If the SE/30 only addresses cards in 32bit mode that would make things easier indeed, as we wouldn’t have to check the whole upper half of the address bus to see if it’s doing a 24 or 32bit access. One more thing to check on the list.

Given what you've got there is a network card that almost certainly only occupies the 1MB of minor slot's worth of memory and I/O then, yeah, it might make life easier because you "only" need to fake out the 32 bit $E enable on the PDS card to respond to your chosen alternate slot.

In experimenting with the LC what did you read on the address bus when it was looking at the declaration ROM?

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58 minutes ago, Gorgonops said:

If the original LC *does* pass the FC3 code to the expansion connector 

It does.

 

As said in 24bit mode I don’t get any hits on the 32bit address range and /FC3=high (unless FC0..2 are high which means it’s not an actual call to the card but some kind of interrupt handling.

 

In 32bit mode I don’t get any hits on the 24bit card range (and /FC3=low)

 

I can dissect the card once I get back from my two week vacation in Japan and see what the address decoder on my card does if that’s of any interest.

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4 hours ago, Gorgonops said:

Okay, if it's verified then I guess you know what you're doing. (I tried looking for specific discussion of that in the other thread, I really did, and honestly I just couldn't follow it through all the interstitial pictures of wiring looms. Maybe I need more coffee.)

No worries, you were awake all right. There really isn't a technical discussion in that thread. The main line of discussion is specifically about development of that wire wrap mess in hopes that @maceffects dragon hoard of the LC version of Farallon's would benefit from cross-platform driver and DeclROM compatibility inherent in a DCaD correct product line development.

 

What technical discussion there is in that thread amounts to @Bolle popping in here and there to help me implement logical intervention he and another member came up with in an LC NIC adaptation discussion elsewhere. Who was that? It woul be goo to get another pair of eyes on the docs? Bolle's busy with other projects when he's busy doing his best to mangle himself in downhill bicycle madman mode. I reached out to @trag my other mentor with basic questions about digital logic, but he's really busy at work so I chucked my immediate concerns into a new thread to get your quick "no."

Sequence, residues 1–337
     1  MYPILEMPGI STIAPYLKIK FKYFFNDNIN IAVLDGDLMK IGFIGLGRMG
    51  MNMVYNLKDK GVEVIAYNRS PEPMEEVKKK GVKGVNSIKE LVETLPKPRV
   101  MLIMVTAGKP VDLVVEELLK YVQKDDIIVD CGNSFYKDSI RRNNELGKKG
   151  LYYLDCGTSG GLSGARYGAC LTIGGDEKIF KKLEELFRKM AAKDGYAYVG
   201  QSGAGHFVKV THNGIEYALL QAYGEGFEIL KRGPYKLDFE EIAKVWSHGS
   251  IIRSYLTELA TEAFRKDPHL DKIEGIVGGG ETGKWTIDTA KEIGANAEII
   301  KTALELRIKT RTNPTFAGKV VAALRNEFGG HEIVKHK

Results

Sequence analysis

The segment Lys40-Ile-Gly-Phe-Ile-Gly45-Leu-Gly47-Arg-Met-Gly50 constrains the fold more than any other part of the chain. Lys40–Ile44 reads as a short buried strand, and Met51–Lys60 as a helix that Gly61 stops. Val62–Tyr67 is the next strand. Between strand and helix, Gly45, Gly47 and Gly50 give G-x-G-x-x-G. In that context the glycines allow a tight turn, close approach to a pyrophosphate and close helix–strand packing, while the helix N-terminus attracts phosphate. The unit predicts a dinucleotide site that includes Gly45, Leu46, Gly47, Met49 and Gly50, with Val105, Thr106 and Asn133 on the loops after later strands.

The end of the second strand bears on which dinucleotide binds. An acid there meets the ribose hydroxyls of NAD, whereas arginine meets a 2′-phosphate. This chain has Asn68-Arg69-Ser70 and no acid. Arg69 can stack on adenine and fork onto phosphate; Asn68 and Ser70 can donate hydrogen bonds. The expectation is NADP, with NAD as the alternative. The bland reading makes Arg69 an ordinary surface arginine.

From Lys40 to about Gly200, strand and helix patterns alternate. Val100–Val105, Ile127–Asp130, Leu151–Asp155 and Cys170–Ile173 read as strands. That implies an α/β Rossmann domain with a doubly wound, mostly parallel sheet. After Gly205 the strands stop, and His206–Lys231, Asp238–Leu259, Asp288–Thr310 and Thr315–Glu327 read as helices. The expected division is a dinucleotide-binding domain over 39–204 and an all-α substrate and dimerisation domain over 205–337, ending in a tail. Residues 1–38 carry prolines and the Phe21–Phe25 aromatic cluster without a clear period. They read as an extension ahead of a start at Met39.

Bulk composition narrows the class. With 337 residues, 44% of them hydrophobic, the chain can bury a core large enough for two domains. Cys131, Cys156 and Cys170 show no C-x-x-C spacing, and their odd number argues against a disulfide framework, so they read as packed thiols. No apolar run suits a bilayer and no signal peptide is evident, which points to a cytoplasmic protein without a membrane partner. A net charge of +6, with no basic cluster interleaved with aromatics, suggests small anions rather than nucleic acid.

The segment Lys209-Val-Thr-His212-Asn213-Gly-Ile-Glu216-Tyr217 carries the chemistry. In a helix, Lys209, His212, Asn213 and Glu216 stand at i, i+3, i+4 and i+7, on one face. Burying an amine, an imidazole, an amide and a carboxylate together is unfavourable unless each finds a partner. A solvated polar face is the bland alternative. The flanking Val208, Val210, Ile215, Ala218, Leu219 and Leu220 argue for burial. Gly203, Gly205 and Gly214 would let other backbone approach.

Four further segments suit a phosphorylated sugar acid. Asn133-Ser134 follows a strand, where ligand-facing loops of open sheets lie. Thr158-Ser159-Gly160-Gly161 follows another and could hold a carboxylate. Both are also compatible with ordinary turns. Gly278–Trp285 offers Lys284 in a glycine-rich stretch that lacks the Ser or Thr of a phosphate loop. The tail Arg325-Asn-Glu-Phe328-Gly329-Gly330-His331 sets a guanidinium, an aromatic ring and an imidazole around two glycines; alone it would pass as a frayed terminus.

I said earlier that the series of events was serendipitous because the three of you are having a meaningful discussion on technical issues and I now can go back to playing with my flexible tinker toys. :lol:

 

WAG: one thing that makes me think the missing LC DevNote may never have been released was that information on the closely intertwined nature of Apple IIe Card and LC may have been closely held. At about that time, Laser was making legal clones of the Apple II and building a better compatibility card with more capability than Apple wanted fielded would have been right up their alley. The IIe card was meant to wean folks off the Apple II line and nurse them onto the Mac in its place. By the time the LCII and LCIII shipped approx 18monthe and a year and 18 months later this wasn't all that great a concern. Like I said, just a guess.